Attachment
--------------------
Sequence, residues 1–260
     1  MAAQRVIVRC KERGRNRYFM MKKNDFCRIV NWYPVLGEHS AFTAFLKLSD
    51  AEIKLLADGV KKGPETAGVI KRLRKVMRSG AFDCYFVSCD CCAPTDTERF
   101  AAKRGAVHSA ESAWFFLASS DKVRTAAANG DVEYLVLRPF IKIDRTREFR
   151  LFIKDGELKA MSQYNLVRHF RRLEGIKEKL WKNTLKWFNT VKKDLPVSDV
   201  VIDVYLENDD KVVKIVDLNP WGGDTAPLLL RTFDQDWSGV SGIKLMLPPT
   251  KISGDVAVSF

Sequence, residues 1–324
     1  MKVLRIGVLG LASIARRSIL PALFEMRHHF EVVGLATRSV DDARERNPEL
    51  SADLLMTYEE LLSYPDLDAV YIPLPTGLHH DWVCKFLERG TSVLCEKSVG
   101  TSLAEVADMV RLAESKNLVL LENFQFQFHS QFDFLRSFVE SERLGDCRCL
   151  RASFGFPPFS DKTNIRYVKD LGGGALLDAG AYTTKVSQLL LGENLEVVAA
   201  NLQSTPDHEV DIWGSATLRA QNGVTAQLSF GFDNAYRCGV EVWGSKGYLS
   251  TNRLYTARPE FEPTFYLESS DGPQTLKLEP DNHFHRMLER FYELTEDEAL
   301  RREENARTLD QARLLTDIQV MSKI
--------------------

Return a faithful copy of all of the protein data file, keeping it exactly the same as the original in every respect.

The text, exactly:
Sequence, residues 1–260
     1  MAAQRVIVRC KERGRNRYFM MKKNDFCRIV NWYPVLGEHS AFTAFLKLSD
    51  AEIKLLADGV KKGPETAGVI KRLRKVMRSG AFDCYFVSCD CCAPTDTERF
   101  AAKRGAVHSA ESAWFFLASS DKVRTAAANG DVEYLVLRPF IKIDRTREFR
   151  LFIKDGELKA MSQYNLVRHF RRLEGIKEKL WKNTLKWFNT VKKDLPVSDV
   201  VIDVYLENDD KVVKIVDLNP WGGDTAPLLL RTFDQDWSGV SGIKLMLPPT
   251  KISGDVAVSF

Sequence, residues 1–324
     1  MKVLRIGVLG LASIARRSIL PALFEMRHHF EVVGLATRSV DDARERNPEL
    51  SADLLMTYEE LLSYPDLDAV YIPLPTGLHH DWVCKFLERG TSVLCEKSVG
   101  TSLAEVADMV RLAESKNLVL LENFQFQFHS QFDFLRSFVE SERLGDCRCL
   151  RASFGFPPFS DKTNIRYVKD LGGGALLDAG AYTTKVSQLL LGENLEVVAA
   201  NLQSTPDHEV DIWGSATLRA QNGVTAQLSF GFDNAYRCGV EVWGSKGYLS
   251  TNRLYTARPE FEPTFYLESS DGPQTLKLEP DNHFHRMLER FYELTEDEAL
   301  RREENARTLD QARLLTDIQV MSKI